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Quebec Bulletin
February - March 2015/Volume 18/Number 1

Physical Oceanography Conditions in the Gulf of St. Lawrence in 2014

Every year, through the Atlantic Zone Monitoring Program (AZMP), Fisheries and Oceans Canada assesses the physical oceanography conditions in the Gulf of St. Lawrence. The AZMP was implemented in 1998 with the aim of increasing Department’s capacity to understand, describe, and forecast the state of the marine ecosystem and to quantify the changes in the ocean’s physical, chemical and biological properties. This information is essential to ensure the sound management of the St. Lawrence ecosystem, conserving resources and protecting the marine environment for future generations.

Preparing to submerge the rosette
A temperature and salinity
probe is installed on a rosette
to collect data, from the surface
to the sea floor.
The research vessel
CCGS Hudson.
A scientist uses the computer to analyze temperature and salinity contours.
The data are transmitted on
board to be analyzed by scientists.

2014: a year of records

Here are a few highlights for 2014: an almost-record sea-ice cover in winter was followed in August by perhaps the warmest surface temperatures in 140 years, while deep water temperatures were the highest in 100 years!

The winter of 2014 was the coldest since 1993 over the Gulf, creating a thick surface layer that had near-freezing temperatures, as well as a sea ice cover with the third highest seasonal maximal since 1969, at nearly double the climatological average.

The cold intermediate layer is typically located at a depth between 20 and 120 m and encompasses cold waters with temperatures below 1 or 2°C, cooled during the previous winter. The summertime cold intermediate layer (CIL) returned to near-normal conditions after four years of warm conditions, as a result of the cold winter.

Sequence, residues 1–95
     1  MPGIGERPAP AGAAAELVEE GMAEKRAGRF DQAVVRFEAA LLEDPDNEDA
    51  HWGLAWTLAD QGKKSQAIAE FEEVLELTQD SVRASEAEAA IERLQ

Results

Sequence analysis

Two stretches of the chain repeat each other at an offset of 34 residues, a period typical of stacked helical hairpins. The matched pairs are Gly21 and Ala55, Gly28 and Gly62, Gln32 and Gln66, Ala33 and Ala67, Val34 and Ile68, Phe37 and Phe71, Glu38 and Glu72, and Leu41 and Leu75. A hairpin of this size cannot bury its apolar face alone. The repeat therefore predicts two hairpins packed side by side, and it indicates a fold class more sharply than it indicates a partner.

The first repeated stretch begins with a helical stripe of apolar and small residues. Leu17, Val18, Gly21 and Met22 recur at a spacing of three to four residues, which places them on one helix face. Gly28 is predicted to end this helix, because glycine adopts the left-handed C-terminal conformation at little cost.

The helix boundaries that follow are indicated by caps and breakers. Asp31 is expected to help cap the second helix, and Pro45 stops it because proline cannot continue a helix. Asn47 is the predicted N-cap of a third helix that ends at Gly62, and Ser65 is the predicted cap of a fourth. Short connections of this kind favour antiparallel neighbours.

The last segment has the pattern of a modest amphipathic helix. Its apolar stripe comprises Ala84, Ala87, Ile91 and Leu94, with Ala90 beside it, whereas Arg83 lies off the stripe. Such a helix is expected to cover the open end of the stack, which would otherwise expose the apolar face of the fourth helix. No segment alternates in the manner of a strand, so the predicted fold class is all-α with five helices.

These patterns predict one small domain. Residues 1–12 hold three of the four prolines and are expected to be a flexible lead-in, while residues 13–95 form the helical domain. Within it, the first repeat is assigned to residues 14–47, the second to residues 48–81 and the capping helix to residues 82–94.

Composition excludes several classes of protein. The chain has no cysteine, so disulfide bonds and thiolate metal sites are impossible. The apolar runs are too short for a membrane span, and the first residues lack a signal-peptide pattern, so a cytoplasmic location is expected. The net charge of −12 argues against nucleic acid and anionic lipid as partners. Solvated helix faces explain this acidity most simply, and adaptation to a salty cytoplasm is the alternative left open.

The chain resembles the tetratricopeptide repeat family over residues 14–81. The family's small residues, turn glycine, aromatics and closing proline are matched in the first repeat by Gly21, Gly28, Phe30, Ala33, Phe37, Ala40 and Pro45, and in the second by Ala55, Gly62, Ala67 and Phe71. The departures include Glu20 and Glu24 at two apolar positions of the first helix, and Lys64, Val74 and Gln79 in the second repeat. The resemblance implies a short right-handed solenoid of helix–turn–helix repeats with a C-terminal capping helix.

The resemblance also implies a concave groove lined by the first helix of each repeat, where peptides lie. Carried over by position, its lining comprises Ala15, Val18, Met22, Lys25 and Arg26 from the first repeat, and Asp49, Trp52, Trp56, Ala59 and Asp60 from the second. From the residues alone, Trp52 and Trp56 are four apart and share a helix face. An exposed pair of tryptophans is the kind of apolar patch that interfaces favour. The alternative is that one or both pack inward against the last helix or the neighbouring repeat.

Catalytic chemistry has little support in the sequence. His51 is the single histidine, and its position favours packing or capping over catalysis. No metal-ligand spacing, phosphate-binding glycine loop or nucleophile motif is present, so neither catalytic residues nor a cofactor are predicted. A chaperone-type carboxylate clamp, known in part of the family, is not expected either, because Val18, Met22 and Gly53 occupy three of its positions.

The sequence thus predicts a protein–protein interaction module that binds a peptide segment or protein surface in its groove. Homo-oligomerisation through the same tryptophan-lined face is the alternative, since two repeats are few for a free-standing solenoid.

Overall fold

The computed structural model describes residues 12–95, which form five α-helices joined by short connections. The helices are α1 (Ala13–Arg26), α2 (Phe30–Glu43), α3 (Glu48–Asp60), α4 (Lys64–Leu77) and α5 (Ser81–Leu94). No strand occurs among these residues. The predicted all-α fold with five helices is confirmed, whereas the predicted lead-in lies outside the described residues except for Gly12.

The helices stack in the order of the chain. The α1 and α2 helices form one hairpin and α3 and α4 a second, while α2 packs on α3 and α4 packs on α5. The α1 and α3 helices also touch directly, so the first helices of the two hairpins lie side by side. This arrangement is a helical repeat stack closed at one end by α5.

The sea-surface temperature averaged from May to November over the Gulf was above-normal by +1.2°C and second highest on record after 2006. A record high was reached in August with a Gulf-average anomaly of +2.5°C, breaking the +2.0°C record of August 2012. Record highs were also set in the following regions: Estuary (+4.2°C), Northwest Gulf (+4.1°C), Anticosti Channel (+2.8°C) and Cabot Strait (+2.9°C). Deep water temperatures are increasing overall in the Gulf, due to currents from Cabot Strait. In 2012, at a depth of 200 m, the water temperature reached 5.3°C, a record high since 1915).

Temperature at 300 m increased in 2014 to reach 5.9°C, the highest value since 1980. Bottom area covered by waters warmer than 6°C increased in 2014 in Anticosti Channel, Esquiman Channel and Central Gulf, and reached a record value in Esquiman Channel while reducing its bottom habitat area in the temperature range of 5–6°C.

A harsh winter keeps icebreakers on the alert
Infoceans – August-September 2014

Peter Galbraith

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